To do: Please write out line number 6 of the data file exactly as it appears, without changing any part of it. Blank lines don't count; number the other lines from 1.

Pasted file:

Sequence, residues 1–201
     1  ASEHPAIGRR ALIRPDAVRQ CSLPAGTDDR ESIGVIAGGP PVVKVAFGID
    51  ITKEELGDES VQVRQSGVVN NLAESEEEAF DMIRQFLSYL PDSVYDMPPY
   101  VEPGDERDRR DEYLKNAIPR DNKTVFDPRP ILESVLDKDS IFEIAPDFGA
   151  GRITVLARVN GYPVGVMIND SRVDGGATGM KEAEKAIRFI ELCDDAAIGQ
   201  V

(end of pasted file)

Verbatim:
   201  V